Winter 2022

GER 002 Elementary German 

GER 003 Elementary German

GER 021 Intermediate German

GER 022 Intermediate German

GER 048  “Myth and Saga in the Germanic Cultures”

Professor Kirsten Harjes

4 units, taught in English, no prerequisites, GE credits AH, WC, VL, WE

The course is designed to encourage an appreciation of Germanic myths not only as a historical curiosity and a set of highly evocative symbols, but as powerful places from which to rethink our interpretations of the natural world, the human mind, power and gender, sexuality, and the nature of knowledge and power.

Beginning with the Bronze Age around 1500 BCE, European mythologies and paganism co-existed and co-mingled with the eventual advent of monotheistic religious beliefs such as the Judeo-Christian and later also the Islamic tradition. This course provides an introduction to Northern European myths up to their very fertile absorption into what had largely become Roman Catholic Europe by the end of the first millenium. We will trace stories and cultures of people who were part of these Germanic belief systems, culminating in the myths’ most recent and vibrant manifestations during the Viking Age around 700 – 1100 CE. Our sources include every attempt made to record stories that had only existed in oral traditions: archeological findings, tapestries, rune stones, famous Old Icelandic texts in translation such as Snorri Sturluson’s prose and poetic Edda, the Icelandic Sagas, middle Eastern merchants’ travellogues, and accounts by Christian monks.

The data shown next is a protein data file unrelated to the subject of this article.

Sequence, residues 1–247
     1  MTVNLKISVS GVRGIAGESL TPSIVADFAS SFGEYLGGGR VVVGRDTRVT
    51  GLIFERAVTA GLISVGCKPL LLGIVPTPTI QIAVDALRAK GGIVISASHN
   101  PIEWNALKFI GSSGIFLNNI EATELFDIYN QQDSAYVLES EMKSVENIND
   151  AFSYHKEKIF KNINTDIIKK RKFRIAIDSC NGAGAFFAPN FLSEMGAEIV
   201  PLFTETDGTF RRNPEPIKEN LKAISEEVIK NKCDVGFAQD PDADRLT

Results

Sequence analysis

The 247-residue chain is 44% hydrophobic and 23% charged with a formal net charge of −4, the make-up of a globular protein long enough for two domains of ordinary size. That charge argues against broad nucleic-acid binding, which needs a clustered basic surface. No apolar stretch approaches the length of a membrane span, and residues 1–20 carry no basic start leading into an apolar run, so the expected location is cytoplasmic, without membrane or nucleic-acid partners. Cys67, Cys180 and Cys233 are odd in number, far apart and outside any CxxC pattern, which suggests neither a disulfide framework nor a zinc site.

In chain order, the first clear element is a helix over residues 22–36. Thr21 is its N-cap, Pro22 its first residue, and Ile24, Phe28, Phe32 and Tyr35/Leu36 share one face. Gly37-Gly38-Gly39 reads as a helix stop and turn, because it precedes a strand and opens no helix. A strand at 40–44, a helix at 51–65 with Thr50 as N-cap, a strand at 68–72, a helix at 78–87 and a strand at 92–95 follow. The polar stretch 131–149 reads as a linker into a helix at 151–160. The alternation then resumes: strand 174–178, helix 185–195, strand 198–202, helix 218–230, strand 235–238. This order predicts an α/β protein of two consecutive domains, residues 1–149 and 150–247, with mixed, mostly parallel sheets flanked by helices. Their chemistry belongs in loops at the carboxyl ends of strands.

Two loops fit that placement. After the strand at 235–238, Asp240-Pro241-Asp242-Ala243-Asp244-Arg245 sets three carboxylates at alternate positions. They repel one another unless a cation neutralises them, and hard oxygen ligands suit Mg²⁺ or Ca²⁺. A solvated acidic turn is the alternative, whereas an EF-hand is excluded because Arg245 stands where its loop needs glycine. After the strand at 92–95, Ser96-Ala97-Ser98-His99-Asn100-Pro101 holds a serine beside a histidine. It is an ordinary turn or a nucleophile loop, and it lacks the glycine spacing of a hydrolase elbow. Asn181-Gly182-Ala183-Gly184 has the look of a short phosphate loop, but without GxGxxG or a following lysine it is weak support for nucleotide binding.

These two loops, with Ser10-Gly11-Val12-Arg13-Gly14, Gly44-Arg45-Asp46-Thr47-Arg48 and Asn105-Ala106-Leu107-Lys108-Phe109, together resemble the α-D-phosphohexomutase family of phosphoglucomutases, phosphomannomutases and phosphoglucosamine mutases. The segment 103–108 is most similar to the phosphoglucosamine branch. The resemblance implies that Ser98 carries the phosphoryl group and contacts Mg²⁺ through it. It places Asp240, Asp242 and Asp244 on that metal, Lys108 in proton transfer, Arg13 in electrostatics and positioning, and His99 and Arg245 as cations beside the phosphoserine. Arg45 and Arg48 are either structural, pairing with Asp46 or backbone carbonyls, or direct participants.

This course will also give students an idea of the “history on the ground”, the social history during what is commonly called the Long Middle Ages: tribal migration patterns, trade routes, slavery and indentured servitude, political organizations, networks between Europe and the Middle East, early educational institutions, and various technological developments, from paper-making to longboat-construction.

GER 101B German Literature, 1800-Present